Buttercups reveal age of meadow
Dr John Warren
23 June 2009
Last summer Dr Warren launched a UK wide appeal in the press, including The Times, and on TV and radio, which prompted thousands of people to go out into the fields to count the number of petals on buttercups.
The task set by Dr Warren was simple: count the number of creeping buttercup plants (Ranunculus repens) with extra petals, i.e. more than 5, in a sample of 100. The evidence was required to prove his hypothesis that the number of buttercups with more than 5 petals could provide the basis for calculating the age of the meadow.
Writing in the latest edition of the Annals of Botany Dr Warren presents his findings and argues that for every 100 buttercups in a field, seven years can be added to the age of the meadow for each flower with too many petals.
The creeping buttercup was selected for the study because much of its reproduction is through cloning itself.
“Each of the flowers should have five petals but mutations can cause it to have several more”, said Dr Warren. “Mutations often occur when the plants clone themselves and the genetic glitches are cumulative, meaning that the older a field is the more ragged the buttercups become.”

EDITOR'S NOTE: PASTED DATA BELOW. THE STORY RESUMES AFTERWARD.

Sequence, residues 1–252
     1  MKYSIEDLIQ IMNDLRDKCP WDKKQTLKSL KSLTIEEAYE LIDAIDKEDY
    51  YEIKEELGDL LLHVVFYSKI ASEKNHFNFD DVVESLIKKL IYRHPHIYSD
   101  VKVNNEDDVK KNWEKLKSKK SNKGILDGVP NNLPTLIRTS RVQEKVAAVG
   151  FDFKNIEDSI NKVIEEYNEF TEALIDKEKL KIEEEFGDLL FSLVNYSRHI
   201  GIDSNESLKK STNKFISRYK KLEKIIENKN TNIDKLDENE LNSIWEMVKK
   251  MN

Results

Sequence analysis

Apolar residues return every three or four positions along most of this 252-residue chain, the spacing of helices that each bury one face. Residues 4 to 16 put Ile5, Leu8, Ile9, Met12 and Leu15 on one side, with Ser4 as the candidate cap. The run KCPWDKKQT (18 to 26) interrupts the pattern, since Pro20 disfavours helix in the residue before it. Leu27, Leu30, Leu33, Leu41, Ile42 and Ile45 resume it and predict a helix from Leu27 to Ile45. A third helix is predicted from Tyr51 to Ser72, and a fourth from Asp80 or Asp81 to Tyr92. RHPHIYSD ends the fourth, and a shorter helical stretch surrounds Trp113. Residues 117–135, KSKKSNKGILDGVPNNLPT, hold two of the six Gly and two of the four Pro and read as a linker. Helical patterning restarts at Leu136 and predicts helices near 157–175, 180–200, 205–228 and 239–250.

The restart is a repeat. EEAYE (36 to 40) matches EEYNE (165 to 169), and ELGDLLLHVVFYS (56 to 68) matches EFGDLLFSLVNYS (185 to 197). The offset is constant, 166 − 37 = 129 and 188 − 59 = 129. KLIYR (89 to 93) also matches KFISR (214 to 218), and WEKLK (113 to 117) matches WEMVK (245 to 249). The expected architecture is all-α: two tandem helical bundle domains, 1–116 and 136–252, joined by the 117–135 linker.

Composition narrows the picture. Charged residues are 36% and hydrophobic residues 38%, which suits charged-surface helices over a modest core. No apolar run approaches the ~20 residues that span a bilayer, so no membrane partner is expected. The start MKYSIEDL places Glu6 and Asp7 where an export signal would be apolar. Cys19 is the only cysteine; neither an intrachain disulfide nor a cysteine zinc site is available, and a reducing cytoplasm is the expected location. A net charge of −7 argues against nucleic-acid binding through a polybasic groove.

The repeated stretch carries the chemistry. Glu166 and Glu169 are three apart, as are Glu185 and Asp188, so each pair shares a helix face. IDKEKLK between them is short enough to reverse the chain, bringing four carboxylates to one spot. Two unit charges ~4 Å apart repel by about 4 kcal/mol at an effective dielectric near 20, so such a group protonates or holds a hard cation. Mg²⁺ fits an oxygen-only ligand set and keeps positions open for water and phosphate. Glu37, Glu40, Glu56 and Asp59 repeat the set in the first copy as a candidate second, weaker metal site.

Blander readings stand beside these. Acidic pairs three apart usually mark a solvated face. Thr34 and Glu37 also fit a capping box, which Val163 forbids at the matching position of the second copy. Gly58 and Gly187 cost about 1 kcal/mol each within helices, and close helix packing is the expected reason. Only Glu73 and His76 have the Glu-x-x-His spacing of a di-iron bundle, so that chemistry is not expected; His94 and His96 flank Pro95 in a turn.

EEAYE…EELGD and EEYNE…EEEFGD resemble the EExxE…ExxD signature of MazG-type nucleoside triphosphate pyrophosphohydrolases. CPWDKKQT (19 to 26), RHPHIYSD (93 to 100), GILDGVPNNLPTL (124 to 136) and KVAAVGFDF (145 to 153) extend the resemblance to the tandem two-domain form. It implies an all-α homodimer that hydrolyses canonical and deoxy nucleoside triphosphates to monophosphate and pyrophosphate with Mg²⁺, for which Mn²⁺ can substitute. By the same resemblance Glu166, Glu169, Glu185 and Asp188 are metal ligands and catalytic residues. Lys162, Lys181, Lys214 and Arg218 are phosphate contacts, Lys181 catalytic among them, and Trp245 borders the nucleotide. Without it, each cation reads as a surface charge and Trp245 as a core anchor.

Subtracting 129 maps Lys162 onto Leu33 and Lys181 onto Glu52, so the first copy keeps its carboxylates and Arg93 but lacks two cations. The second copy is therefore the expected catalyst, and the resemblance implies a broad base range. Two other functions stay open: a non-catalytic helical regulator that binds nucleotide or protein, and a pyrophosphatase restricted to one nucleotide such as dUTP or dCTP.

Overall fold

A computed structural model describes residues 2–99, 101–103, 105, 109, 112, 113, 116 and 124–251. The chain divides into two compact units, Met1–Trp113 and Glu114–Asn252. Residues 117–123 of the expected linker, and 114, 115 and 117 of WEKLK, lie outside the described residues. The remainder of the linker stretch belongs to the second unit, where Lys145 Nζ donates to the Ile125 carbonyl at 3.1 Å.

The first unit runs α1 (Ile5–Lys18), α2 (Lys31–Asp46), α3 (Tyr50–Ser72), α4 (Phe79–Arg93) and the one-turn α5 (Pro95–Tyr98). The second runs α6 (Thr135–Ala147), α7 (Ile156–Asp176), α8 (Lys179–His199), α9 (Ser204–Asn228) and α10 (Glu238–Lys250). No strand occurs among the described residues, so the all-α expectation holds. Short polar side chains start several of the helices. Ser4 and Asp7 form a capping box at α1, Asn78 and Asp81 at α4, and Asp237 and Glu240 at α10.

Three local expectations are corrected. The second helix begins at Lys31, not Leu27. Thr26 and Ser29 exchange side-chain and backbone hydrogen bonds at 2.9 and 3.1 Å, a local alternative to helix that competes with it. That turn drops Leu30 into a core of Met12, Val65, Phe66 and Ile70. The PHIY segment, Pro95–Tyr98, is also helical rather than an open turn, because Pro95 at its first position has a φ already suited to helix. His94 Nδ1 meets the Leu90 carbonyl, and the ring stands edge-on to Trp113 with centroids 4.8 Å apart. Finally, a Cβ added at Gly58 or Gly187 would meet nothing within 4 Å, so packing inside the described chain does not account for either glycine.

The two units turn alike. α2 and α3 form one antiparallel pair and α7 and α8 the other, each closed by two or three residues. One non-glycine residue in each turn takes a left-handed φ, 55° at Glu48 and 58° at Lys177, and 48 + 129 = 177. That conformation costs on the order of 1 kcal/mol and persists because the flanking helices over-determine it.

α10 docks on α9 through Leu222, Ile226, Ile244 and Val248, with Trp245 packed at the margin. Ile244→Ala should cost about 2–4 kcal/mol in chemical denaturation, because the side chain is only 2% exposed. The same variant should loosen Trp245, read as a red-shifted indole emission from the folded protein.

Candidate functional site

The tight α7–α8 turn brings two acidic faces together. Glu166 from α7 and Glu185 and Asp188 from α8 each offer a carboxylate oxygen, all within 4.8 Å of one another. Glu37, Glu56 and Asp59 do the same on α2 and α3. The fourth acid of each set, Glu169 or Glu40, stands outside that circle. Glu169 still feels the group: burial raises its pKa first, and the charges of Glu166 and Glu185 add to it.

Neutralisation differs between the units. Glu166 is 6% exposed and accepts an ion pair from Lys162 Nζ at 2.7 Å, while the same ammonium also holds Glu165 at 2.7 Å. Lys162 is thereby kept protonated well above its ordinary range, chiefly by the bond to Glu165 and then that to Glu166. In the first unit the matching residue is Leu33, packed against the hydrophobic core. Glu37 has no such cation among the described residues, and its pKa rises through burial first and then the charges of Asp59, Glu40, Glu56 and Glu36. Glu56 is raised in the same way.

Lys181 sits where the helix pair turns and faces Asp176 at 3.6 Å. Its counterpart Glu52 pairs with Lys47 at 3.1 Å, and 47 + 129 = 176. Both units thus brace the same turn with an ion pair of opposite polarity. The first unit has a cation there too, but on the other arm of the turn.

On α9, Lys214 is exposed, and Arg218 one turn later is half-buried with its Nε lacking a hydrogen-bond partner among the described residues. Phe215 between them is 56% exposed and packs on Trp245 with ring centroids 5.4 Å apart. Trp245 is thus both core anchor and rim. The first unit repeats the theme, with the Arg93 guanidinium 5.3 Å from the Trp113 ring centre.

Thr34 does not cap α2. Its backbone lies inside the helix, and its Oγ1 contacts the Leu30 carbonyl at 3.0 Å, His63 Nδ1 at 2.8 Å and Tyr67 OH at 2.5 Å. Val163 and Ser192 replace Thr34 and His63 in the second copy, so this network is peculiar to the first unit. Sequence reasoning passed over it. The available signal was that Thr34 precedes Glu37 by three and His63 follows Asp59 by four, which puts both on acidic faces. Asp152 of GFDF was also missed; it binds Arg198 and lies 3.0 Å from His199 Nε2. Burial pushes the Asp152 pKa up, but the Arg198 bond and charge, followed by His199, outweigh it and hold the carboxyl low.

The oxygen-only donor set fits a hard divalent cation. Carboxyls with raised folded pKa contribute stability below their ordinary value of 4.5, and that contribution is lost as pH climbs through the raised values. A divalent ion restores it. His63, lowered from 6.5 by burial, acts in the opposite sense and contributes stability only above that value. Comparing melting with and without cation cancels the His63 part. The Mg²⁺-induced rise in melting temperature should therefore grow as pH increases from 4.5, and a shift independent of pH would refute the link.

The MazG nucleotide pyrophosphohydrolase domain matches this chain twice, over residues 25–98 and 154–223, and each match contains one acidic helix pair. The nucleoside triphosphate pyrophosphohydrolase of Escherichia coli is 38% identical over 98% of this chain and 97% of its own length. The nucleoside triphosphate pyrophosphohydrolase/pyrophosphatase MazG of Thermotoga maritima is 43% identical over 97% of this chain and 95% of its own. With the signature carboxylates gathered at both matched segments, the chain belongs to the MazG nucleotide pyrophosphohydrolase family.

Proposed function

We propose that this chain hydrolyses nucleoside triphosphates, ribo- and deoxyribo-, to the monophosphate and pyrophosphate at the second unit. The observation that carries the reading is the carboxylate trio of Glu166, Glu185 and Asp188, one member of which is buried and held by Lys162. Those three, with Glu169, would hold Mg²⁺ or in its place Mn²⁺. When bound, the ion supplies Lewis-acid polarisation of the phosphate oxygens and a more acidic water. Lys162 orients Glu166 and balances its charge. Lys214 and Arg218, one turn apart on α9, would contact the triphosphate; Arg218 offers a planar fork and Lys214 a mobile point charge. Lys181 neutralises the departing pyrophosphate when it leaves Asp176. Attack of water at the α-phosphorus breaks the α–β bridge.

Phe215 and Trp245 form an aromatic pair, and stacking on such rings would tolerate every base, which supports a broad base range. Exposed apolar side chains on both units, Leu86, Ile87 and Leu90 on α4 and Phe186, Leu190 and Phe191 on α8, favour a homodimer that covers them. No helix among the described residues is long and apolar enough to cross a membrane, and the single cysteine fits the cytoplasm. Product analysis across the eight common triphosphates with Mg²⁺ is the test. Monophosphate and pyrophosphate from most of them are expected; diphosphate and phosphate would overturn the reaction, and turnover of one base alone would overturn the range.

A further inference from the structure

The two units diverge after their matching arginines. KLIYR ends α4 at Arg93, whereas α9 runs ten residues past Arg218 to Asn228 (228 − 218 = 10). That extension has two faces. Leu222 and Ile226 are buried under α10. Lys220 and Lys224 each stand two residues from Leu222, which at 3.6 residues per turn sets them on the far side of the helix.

“This elegant low-tech science will be of use to historians and natural historians alike in helping understand our past and how diversity changes over time”, he added.
The technique has been demonstrated to work for fields up to 200 years old and it is thought that it could be used to identify meadows that have been untouched by ploughs for up to 1,000 years. Dr Warren now hopes it can be used to identify the oldest grassland in Britain.
It is unlikely, however, to work for fields older than 1,000 years because the cloned population is unlikely to make up much more than 50 per cent of a meadow's buttercups.
Of the thousands of reports sent to him by the public only 204 were selected for the study. Among the oldest grassland dated so far by Dr Warren is an open area within Roughetts Wood, near Chepstow, and a pathway leading to it. Records show that neither has been dug up for at least 200 years and probably longer.
Similarly, buttercup mutations in a field belonging to Llandrygarn School on Anglesey showed it to be more than 30 years since it was ploughed. Records showing the school took over the field from a neighbouring farm more than 30 years ago corroborated the dating.
The shortage of records makes the buttercup method more valuable because having been tested against fields of known ages it can be used for those where there are no relevant documents.
A method of estimating the age of hedgerows was developed several decades ago. Called Hooper’s Rule, it allows conservationists to judge the age by counting the number of woody species of plants.